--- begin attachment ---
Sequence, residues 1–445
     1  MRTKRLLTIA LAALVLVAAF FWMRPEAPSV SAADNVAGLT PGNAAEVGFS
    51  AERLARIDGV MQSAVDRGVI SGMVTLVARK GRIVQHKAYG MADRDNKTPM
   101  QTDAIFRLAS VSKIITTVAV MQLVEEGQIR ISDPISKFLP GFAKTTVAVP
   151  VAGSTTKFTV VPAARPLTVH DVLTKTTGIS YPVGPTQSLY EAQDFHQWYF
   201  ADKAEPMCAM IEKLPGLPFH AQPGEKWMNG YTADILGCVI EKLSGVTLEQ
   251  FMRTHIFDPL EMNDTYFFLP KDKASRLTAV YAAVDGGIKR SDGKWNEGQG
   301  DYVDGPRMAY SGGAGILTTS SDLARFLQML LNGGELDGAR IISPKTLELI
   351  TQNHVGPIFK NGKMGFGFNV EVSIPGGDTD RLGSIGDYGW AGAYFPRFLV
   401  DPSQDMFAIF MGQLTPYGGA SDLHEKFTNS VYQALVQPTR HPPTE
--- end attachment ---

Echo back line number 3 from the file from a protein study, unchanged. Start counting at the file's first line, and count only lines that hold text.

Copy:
    51  AERLARIDGV MQSAVDRGVI SGMVTLVARK GRIVQHKAYG MADRDNKTPM